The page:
Hudson Maxim's final days: School closes earlier than expected Teachers pack up classrooms, students dispersed among various schools

| 31 Jan 2019 | 10:33

HOPATCONG - A needed repair to a broken heating system under the gymnasium's concrete floor led to an impromptu decision to permanently close Hudson Maxim School on Friday, Jan. 25, 2019, earlier than expected. The Hopatcong School District's Superintendent's Office issued a statement on Tuesday further explaining that a "hectic five days" of vapor and a too-warm gym floor could only be fixed by opening up the concrete floor, then jack hammering and re-cementing, which was just too much considering the disruption to students and all the other repairs the school building needed. In June the School Board already approved the school's closing, but the steamy, vaporous environment, and warm, buckling floor, left officials no choice but to close earlier than planned.
So on Friday, teachers were asked to pack their classrooms and students were given the day off.
The Superintendent noted that many teachers and parents assisted in what grew to be a wave of colaborative packing, moving, and then recreating classrooms in other schools over the weekend.
The contents of Hudson Maxim School classrooms were delivered to Hopatcong Middle School for Kindergarten and First Grade, and to Hopatcong High School for the Pre-School and Multiply Disabled Class. By Sunday afternoon, the Middle School parking lot was filled and teachers and volunteers off-loaded boxes and furniture to set up the new classrooms. On Sunday afternoon Superintendent Arthur D. Benedetto held a standing room only meeting about busing, start and end times, lunches, and other special arrangements. By evening, classrooms at the High School were ready but Kindergarten and First Grade teachers needed one more day. All preparation was completed by Monday evening and on Tuesday morning, students returned to class.
The district noted the list of people to thank is endless, including administrators who found classroom space, teachers and children who welcomed the new students: "Many teachers worked all weekend without pay. Parents and their children came and helped in any way possible. Custodians and maintenance personnel worked long hours tirelessly to accomplish the goal. PTO brought in food for workers. Food establishments such as The Grotto, Frank’s Pizza and Knot Just Pizza donated food for the workers and volunteers. Many of the donations were arranged by individual citizens who do not have children in the school. In summary, the goal has been accomplished and it is a feather in the cap of the town in that there were no distractions and few negative feelings towards what had to be done.”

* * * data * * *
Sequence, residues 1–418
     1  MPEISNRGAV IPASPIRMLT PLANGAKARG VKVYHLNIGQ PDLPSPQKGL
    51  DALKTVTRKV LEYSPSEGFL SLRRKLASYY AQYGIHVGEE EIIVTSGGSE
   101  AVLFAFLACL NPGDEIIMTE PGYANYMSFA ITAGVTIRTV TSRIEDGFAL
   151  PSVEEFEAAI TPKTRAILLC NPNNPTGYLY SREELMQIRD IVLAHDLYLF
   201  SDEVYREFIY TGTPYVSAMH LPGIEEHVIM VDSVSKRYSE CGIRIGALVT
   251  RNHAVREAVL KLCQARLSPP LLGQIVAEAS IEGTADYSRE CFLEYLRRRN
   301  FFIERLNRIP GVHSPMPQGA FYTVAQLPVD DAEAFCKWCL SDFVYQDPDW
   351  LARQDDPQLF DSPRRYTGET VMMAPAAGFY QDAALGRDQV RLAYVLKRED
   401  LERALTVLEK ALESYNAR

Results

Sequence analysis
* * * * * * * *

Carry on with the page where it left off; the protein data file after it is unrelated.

The school may be gone, but the memories remain.
Hopatcong resident and former Hopatcong Board of Education member Rob Nicholson said the condition of Helen Maxim School was always a concern, but he never thought it would lead to closure.
“That being said, I also understand the student population decline,” he said. “I only wish that something else useful could be done with the building. I'm still not a fan of the decision to sell and raze the building, which will most likely be done in short order now. I am very interested in who will ultimately buy the building and what the final outcome will be. It has been rumored for years that the property would become part of the Riverstyx rede-velopment project, and I believe that is finally coming to light.”
About a month ago Nicholson collected 475 signatures on a petition that stated "on December 17th, with a 9-0 vote, the decision was made to close Hudson Maxim School and sell it off. While this decision is final, we believe there is still an opportunity to save this building, and turn it into both a community center and a muse-um.”
Jennifer Bellotti-Spear attended kindergarten and first grade at Hudson Maxim.
"I always remember putting on your imaginary ear phones in music and marrying my kindergarten crush on the playground," she said. "I am sad to hear of its closing...I see Hopatcong as the land of opportunity. It is rich in community and people who help each other out. I hope the closing of Hudson Maxim is just offering the dis-trict and town a new opportunity.”
Nicholson noted, "We can't stop change, but we can always look back fondly. Hudson Maxim school will for-ever hold a place in our town's history and our hearts.”